(Hat tip, Jenna at L.O.V.E.)

Vegan Feminist Agitator: Exploitation + Objectification = Conklin Farms. (In other words, business as usual.)

The process through which we make peace with the inherent injustice of how we treat non-humans occurs because of objectification, the largely unconscious fragmentation system through which sentient beings are turned into objects. It is easier for the mind to integrate the misuse of objects than the abuse of living beings. Through this process, individuation collapses: all cows, all hens become a single entity to be turned into product. Those who are in power have their interests interpreted as a natural right rather a personal desire. When our interests require the subjugation of another, objectification makes the acquiring of what we want that much easier.

Digging Through the Dirt: Promotion of Veal on Columbus Day Adds to Insult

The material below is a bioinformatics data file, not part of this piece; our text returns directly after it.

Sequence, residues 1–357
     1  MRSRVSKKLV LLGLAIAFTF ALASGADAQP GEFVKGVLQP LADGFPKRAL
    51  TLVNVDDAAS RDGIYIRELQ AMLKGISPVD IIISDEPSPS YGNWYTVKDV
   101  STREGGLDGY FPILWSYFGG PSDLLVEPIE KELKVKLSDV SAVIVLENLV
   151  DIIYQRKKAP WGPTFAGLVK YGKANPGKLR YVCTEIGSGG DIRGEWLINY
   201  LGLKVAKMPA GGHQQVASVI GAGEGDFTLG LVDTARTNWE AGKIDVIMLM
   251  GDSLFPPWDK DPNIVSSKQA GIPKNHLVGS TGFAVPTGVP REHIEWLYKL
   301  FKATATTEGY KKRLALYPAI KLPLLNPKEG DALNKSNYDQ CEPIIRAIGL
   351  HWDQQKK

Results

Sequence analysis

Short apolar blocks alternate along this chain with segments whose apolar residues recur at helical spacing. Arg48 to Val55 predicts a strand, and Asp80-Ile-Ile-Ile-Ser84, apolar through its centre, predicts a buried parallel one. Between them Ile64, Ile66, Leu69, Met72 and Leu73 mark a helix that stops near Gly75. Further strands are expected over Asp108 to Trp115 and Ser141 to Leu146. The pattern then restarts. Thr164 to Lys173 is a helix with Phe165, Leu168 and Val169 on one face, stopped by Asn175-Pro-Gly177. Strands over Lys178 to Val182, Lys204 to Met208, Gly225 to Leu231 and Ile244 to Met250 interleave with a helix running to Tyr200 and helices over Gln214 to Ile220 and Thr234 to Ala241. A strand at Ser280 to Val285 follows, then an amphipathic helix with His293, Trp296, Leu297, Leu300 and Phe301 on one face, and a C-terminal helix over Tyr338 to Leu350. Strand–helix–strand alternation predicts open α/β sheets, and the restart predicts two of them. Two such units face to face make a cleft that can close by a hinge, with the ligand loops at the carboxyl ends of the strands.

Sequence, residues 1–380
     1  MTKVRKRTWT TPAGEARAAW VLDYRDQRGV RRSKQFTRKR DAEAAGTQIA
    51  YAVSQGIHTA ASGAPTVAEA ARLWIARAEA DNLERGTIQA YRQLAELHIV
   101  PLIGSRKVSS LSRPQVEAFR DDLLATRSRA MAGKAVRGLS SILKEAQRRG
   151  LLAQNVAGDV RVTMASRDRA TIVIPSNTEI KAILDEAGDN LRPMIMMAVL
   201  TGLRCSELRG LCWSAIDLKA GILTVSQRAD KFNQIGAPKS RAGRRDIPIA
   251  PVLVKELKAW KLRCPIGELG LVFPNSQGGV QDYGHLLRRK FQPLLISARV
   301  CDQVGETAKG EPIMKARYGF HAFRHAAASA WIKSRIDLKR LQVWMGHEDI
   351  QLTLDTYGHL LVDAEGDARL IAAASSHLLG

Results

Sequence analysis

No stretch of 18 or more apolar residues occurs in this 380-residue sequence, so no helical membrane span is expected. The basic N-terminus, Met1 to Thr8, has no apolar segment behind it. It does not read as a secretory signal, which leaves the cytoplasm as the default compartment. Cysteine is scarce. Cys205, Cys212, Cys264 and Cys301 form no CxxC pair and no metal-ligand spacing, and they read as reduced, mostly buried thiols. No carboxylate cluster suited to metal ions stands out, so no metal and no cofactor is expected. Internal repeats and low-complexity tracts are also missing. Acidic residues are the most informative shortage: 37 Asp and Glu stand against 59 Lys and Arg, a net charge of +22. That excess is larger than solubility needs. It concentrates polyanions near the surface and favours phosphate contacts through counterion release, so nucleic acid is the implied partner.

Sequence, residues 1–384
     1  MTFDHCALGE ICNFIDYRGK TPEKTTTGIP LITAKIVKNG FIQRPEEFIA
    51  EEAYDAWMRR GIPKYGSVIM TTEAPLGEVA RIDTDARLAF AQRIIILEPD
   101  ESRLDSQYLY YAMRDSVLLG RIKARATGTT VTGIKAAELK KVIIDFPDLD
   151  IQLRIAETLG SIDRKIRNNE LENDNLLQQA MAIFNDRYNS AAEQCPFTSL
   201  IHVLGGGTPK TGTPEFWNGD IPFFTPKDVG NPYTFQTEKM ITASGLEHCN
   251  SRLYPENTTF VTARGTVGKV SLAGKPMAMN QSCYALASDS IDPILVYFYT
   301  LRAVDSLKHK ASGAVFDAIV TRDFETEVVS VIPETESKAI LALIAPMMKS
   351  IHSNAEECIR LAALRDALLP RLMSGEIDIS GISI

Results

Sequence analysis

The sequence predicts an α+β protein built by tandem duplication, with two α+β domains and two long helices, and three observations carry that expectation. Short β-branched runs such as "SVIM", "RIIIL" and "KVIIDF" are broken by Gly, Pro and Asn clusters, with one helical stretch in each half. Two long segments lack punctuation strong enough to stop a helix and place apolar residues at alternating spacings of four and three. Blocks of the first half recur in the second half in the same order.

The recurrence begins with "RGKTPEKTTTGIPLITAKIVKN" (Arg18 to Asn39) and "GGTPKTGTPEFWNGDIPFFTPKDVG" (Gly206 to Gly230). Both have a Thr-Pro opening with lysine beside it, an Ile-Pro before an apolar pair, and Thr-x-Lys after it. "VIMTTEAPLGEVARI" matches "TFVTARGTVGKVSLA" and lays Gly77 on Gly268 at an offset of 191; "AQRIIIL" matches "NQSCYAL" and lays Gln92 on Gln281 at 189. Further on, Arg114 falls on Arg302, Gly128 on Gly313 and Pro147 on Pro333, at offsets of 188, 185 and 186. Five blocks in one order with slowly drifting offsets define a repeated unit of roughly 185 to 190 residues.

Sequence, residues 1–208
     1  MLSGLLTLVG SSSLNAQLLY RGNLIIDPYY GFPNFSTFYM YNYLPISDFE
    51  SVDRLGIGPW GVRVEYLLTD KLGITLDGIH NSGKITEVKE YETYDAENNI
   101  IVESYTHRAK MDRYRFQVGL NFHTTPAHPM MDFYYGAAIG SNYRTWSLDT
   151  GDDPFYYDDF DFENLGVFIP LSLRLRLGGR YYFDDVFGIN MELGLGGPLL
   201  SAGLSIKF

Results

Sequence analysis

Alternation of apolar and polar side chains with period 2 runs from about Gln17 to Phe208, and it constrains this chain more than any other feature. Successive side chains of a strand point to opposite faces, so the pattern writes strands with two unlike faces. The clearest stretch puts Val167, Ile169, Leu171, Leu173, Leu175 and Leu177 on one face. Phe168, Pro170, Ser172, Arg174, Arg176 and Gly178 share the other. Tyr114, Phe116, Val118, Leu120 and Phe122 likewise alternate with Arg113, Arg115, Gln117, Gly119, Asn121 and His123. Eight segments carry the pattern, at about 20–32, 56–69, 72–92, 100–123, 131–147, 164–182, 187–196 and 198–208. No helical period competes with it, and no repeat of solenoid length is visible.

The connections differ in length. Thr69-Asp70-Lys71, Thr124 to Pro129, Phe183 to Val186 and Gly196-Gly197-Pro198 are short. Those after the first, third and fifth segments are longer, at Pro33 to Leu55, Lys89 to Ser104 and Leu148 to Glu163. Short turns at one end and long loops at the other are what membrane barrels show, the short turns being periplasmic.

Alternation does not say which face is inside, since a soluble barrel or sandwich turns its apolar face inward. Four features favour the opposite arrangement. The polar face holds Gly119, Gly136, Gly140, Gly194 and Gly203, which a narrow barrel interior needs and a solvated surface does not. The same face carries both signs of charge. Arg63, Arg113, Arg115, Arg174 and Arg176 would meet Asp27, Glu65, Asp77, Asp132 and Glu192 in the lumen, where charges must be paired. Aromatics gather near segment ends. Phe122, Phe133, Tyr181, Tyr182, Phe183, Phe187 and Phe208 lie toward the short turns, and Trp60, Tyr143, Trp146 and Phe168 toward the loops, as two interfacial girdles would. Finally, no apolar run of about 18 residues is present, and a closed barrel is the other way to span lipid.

Because we think of ourselves as exceptional, we view “the other” as inferior. Descendents of native peoples and of African slaves are still regarded as inferior in this country, in general. And animals are treated as such, too. They exist for our purposes; they have no value except that which we bestow upon them, usually in the form of dollars. It’s all about what we can get from them — their flesh, their milk, their eggs — just as it was for Columbus. What could he get from the native peoples?

(More below the fold…)

Intersectionality ‘Round the Interwebs, No. 22: Shegans, unite!

Wednesday, June 2nd, 2010

Raising her sword to Grayskull, LOL She-Ra demands, “I Can Haz Equal Rights?” & as long as we’re taking requests, the lady would like a NOMy vegan meal, too. (She’s a Shegan, yo!)